Tuesday, March 13, 2012

Thanks, everyone, for the sympathies

I can not tell you all how much it meant to us to hear from so many people. In addition to all the comments here on the blog, there were another three dozen or so comments and messages on Facebook, LinkedIn, Twitter, and of course, direct emails. It was very heartwarming.

It has been a difficult few days; living together in such a small space, there was really never a time when she was out of our sight, if not actually underfoot. So her absence is palpable at nearly every waking moment. Periodically one or the other of us will spontaneously burst into tears. We are very much still in the grieving phase and have not yet moved on to the inevitable healing.

I was able to keep myself very busy, which kept my mind off of it for the most part during most of the daytime. We are still parked in front of Star Equipment in North Las Vegas, and, with Ben gone to San Antonio for a seminar over the last couple days, I have been his proxy with the shop, and also helping Karen take care of business on their bus.

For anyone who has been following along with the saga of their generator, I will fill you in on the situation. While this particular problem is not with Odyssey, we have a very similar generator setup and it might just as easily have been us. The miscellaneous bus repair posts here have been enormously popular, some of our most-read, and so I am guessing that same set of folks would be interested in the outcome.

To refresh your memory, the generator had a variety of problems, many of which I was able to fix, but we could not stop it from overheating soon after startup. We traced the cause of the overheat to air in the system, and I could make the unit run by bleeding all the air out, but we could not find where it was getting in. A dark color to what ought to have been bright green coolant, though, gave me reason to suspect a leaking head gasket or a cracked head. Nevertheless, we had the cooling system checked and tested by a radiator shop, on the chance that the air was coming in elsewhere, and the off color to the coolant might be from using the wrong color to top off the system, or other contaminants.

After the radiator shop gave the system a clean bill of health, but the problem did not go away, we had to face the inevitable and we brought it here to Star Equipment to have the compression checked and/or the head pulled. We found coolant in the #2 cylinder as soon as the injectors were out, so no need to check the compression, and they went straight to pulling the head.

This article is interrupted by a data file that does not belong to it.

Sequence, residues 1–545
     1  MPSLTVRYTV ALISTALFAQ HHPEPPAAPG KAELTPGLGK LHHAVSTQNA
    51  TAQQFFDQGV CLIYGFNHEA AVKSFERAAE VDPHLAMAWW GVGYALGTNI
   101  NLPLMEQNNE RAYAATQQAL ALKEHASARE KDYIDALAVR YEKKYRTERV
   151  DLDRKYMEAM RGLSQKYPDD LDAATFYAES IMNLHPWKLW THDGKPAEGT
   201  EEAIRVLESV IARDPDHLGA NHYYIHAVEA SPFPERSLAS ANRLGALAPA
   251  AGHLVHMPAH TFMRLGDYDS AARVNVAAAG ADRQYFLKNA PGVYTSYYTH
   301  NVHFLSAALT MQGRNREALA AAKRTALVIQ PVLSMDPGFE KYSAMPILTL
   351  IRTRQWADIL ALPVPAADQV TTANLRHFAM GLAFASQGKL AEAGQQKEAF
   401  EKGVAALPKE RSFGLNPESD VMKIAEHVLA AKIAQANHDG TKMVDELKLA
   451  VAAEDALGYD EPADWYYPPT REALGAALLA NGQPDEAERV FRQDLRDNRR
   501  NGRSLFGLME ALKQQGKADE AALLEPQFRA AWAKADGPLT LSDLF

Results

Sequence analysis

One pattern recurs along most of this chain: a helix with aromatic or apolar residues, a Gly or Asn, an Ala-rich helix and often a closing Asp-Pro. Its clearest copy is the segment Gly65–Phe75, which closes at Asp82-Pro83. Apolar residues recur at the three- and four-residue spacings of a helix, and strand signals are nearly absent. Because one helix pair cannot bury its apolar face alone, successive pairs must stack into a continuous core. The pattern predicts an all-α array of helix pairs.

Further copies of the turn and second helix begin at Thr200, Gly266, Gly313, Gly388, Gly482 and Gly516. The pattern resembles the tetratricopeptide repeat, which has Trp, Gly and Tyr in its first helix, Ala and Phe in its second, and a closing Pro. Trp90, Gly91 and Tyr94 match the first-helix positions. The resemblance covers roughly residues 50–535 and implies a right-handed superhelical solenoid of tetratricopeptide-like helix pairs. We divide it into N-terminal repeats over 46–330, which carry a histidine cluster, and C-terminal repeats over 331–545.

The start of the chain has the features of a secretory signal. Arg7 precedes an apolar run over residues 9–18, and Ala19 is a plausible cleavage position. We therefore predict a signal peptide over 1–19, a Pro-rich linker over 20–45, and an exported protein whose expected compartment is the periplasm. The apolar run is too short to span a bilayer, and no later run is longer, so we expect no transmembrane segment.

Sure enough, there was a pool of coolant sitting atop the #2 piston, but the other three cylinders were, thankfully, dry. The bad news, though, was that the head gasket, which would have been the least expensive problem, was intact. That meant a crack in the head or, worse, the block.

With the head up on the bench the crack was easy to spot, running between the injector port and the exhaust valve. It was just before 11am when we got the final diagnosis, and in another twenty minutes or so, Kevin the technician reported that he thought the block was good, albeit with a fairly rough surface on the #2 cylinder wall. He figured it might use a bit more oil but that the motor was serviceable if we replaced the head.

And thus I was off, along with BJ-the-parts-guy, to try to find a head. Now the Kubota V2203 is a very common engine -- it's used in Bobcats, semi-trailer refrigeration units, pumps, tractors, and a variety of other equipment, so finding parts should be fairly easy. Unfortunately, we could not find any heads in the Las Vegas area. I was certain there'd be a used takeoff from a reefer unit somewhere, but no luck.

By the end of the day we had identified three vendors around the country who could supply either a remanufactured head, complete with valves, or an aftermarket head either complete or bare. None was cheap, and to have it here by tomorrow will be another couple hundred. But we've got to leave Las Vegas by the end of tomorrow, and Ben and Karen will also be leaving for two weeks on Thursday, so it was either expedite the shipping, or wait two more weeks with the unit torn apart.

Ben and I had a quick meeting after he arrived back home last night, and he decided to bite the bullet and expedite a fully remanufactured Kubota head from North Dakota. The head should be here tomorrow morning, and they should have the whole thing back together by close of business. That may still be early enough for us to make our planned overnight stop in Pahrump.

Today I have agreed to help Ben put some new house batteries in the bus. To that end, we will leave shortly for Main Street Station Casino, downtown, which has an "RV park" (really just a parking lot with pedestals) that has 50-amp power for $17 per night. That will give them some power while we have the batteries out, and we'll be able to take advantage of the sewer hookup to rid ourselves of over 1,000 pounds of waste before climbing the big hills west of town.


  1. Sean -

    Yes, thanks for the detail in your posts that share the real side of RV life!

    Wow: That cylinder looks pretty gooey. I'm impressed that it didn't result in hydro-lock damage to the engine.

    I'm curious: Given that the engine is already largely apart, does it make sense to rebuild the rest engine and hone the cylinders? Note that I don't have experience with diesel engine internals...

  2. Not to hijack the thread from a bus one, but I understand your reaction to Opal's loss.

    When my mother lost the dog she had for close to 15 years she commented that she had spent more time with it than any of her children. Children grow up, go to school, hang out with friends, and become independent. Dogs are want to always be with you, and are dependent on you, but are never ungrateful. So in some ways it is harder than loosing a child.


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